Analysis and Grade
B+. The match was built around Henry. More specifically, it was built around Henry's bulk. Could Cena use his regular array of power moves? For much of the match he struggled. But once he got Henry on his broad shoulders? All the mystery was removed from the match. At that point it became a matter of when, not if.
Dolph Ziggler was disqualified when A.J. Lee interfered.
"He would have gone to the Olympic Games if it wasn't in Australia and Mexico could have afforded it."—JBL on Alberto Del Rio. Can you imagine? Del Rio was a legitimate wrestler, once competing with Randy Couture at the Pan Am Games.
"That last one looked like a young Kevin Von Erich."—JBL. What, did Ziggler take his shoes off?
"She's going to ruin a heck of a championship match."—JBL on A.J. Lee.
"I've got this. Get out of here."—Ziggler to A.J. She didn't look happy with that.
"I love you A.J."—Random fan. Or was that me at home? Both?
- Ziggler bumps like a maniac. That's worth noting. Always.
- Ten consecutive elbow drops? Can you suspend disbelief long enough to enjoy that spot? I'm up in the air.
- Pretty nifty spot where Del Rio went for a dropkick near the ropes, Ziggler ducked, and Alberto went crashing to the floor.
- Ziggler pulls Del Rio off the top rope face-first to the mat. Incredible high spot.
- Del Rio wasn't about to let Ziggler get the last word when it came to hot high spots. He hit a reverse superplex to put his own stamp on the match.
Analysis and Grade
A. I love heel Del Rio, and Ziggler was made to be a face-in-peril. So the dynamics of this match appealed to me. This was a legitimately exciting match, and it looks like Ziggler is coming into his own as a performer.
Ryback rolled up Chris Jericho after he missed a Lionsault to win clean.
"I'd rather listen to Michael Cole on commentary for six hours in a row than be in the ring with Ryback."—King. He must really, really be scared of Ryback. Cause...man.
"It's called riding time."—JBL, perhaps confusing this with NCAA action. I'm pretty sure they don't track riding time in WWE.
"Ryback just invented a new move."—JBL.
"It's called Jericho tossing."—King. Solid comic timing there.
- Crowd whoos as Jericho hits a series of chops. For a second it was Ric Flair vs. Ricky Steamboat all over again. Philadelphia is a city that appreciates history.
- Ryback stands upright with his back to Jericho forever before getting creamed with a forearm off the top rope. It was the kind of terrible spot that takes you out of the match for a time.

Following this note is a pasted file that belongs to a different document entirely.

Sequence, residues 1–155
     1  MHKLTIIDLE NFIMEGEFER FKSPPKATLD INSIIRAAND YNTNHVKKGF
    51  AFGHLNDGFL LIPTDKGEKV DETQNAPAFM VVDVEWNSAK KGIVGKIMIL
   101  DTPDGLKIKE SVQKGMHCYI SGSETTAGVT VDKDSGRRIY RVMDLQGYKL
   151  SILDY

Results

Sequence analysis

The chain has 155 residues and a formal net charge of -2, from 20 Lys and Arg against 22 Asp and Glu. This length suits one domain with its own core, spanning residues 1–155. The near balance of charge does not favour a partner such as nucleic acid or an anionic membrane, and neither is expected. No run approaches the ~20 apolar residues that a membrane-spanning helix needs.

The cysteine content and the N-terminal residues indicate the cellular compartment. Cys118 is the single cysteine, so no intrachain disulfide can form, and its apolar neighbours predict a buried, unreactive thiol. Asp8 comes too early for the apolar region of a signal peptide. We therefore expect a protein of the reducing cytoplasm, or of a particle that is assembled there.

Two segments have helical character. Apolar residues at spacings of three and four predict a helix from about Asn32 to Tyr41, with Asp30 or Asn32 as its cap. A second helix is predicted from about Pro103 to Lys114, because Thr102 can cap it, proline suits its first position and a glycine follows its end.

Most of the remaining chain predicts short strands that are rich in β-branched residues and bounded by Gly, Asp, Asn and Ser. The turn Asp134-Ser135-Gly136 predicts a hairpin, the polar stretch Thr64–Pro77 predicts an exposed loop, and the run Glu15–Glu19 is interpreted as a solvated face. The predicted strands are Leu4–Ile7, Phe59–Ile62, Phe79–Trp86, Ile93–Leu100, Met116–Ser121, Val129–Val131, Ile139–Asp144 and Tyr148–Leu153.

- The two made up for the faux pas with a great finish. Ryback moved out of the way as Jericho looked for the Lionsault. But Jericho managed to land on his feet. Score one for Jericho? Not so fast. Ryback, quick to take advantage, rolled him up for a great win.
Analysis and Grade
B. Enjoyed this one more than I expected to. They weren't perfect, but the two have pretty good chemistry in the ring. Twenty years ago, Ryback would have been an amazing opponent for Shawn Michaels to bump off of. Jericho isn't a bad replacement.
Lee makes Kaitlyn submit to the Black Widow.
"We call her crazy. She is crazy. But she's crazy like a fox."—JBL on AJ Lee.
"Morals are subjective."—JBL on AJ Lee's conniving ways.
"It's nothing Carnegie didn't do. Nothing Gates didn't do."—JBL. Yes, he just compared AJ to Bill Gates.
"That slap is an insult, but that clothesline will take you down."—The King, explaining the difference between words and deeds.
- Was that AJ Lee working the arm like she was the cutest possible Dory Funk JR? Indeed.
- Best spot of the match saw AJ get tossed off the top rope but land right in the waiting arms of "Big E" Langston. Whew.
Analysis and Grade
B-. This was a throwback to the 1970s. Yes, I'm serious.
Lee not only worked the arm throughout, but the work paid off at the end. Kaitlyn reinjured it going for a spear, and Lee finished her off with the Black Widow. That's just solid storytelling.
Curtis Axel pins Miz clean after his new finisher.
"Heyman has instilled a sense of confidence in this young man that was, without a doubt, lacking until Heyman came along."—Jerry Lawler on Axel.
"Paul Heyman's on his way to the back for a much-needed shower."—Michael Cole after Miz pretended Heyman hit him.
"We want Heyman."—Philly crowd on Heyman.
"There are two version, the truth and your version, Michael."—JBL as he argued with Cole about how over Heyman is in Philadelphia.